The second time I spoke to my survivor named John, he brought in pictures of himself from when he was a teenager in Budapest and his passport. It was very interesting to see that in his passport all of his jobs were documented and signed by his employer. Where he worked and when we worked at the job is also documented. It was amazing to see how Hungary would keep control of its people. I spoke to my survivor about his education as child during this session. He told me that in Hungary twelve grades of education was mandatory. He also told me how he went to a Jewish school before the war started. However, after the war, he went to a Catholic school where he associated with non-Jews. The reason he want to a Catholic school after the war started is because of all the anti-Semitism present during the War. John’s father’s sister in law persuaded him to get an education and play the piano. John ended up becoming a very successful electrical engineer.

 My survivor then explained to me how he left for the U.S. after the Hungarian Revolution of 1956 and after he went into hiding and was captured by the Russian soldiers. He told me he would speak to me about the capturing in more detail in the next session. During this session, he told me about the Hungarian Revolution and its rise. On October 3, 1956, a group of students marched, protested, and went to the radio stations to disseminate their message to all of the people in Hungary. This Revolution was against the Stalinist government of Hungary. The Revolution only lasted from Oct. 3, 1956 to Nov. 10, 1956. My survivor also explained to me how he was part of the Revolution and helped bring down Communism. He explained that the police joined him and other students and gave them weapons to help fight the Soviet Union. The students were fighting for free institution, for freedom of speech, for equality, and to break away from the U.S.S.R. I find it very interesting that John had to deal with so much during his life time and was finally able to succeed. When he left Budapest in 1956, he came to the U.S. to study electrical engineering. John went to a school in New York and later moved to Los Angeles to work.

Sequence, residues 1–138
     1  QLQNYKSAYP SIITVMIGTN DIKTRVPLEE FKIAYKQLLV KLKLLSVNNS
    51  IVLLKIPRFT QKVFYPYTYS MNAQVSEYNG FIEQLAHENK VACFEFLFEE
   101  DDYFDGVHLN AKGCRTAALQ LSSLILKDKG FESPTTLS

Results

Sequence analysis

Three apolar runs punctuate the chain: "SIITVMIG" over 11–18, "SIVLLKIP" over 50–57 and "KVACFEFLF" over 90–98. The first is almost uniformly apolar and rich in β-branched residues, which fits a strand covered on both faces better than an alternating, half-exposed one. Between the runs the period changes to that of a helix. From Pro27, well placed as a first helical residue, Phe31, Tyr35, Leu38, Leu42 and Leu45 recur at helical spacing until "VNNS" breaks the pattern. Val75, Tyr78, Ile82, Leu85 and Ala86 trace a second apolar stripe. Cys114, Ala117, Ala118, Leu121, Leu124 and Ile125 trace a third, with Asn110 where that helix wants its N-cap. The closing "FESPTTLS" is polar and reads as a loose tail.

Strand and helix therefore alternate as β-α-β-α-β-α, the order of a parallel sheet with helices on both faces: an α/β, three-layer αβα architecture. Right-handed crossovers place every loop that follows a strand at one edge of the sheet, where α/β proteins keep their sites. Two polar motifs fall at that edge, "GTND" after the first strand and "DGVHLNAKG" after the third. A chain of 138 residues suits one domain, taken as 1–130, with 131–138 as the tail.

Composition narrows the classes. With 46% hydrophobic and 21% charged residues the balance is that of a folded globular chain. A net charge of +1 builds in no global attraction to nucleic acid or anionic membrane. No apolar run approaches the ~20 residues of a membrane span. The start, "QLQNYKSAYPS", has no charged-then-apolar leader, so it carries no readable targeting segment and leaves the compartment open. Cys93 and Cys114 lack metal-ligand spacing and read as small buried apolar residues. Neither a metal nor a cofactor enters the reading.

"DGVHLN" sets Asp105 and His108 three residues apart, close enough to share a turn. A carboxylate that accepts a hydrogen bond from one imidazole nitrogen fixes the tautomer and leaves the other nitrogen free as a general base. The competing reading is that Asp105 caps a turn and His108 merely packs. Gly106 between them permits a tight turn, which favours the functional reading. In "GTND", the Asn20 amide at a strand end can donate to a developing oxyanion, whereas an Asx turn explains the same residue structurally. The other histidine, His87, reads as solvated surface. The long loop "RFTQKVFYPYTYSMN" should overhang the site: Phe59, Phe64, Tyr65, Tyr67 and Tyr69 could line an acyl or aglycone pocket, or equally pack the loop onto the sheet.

John went through a lot in his life from hiding from the Nazis in his apartment, to going into hiding in order to not go to the concentration camps, to being captured by the Russian soldiers, to being part of the Revolution, and finally, to coming to the U.S.A. to start a dream he has accomplished which was to get an education, get married, and raise a family. I look up to John and hope I will have the courage and strength one day to endure such harsh realities if ever presented with any as I grow and continue my life and education to become a successful lawyer. I see John not only as a Holocaust survivor, but also as a mentor to all of us who have never experienced what he has. I personally have grown to consider John a mentor of my own where I can ask him for advice in regards to any issue I have. I hope to keep in touch with John even after this course ends.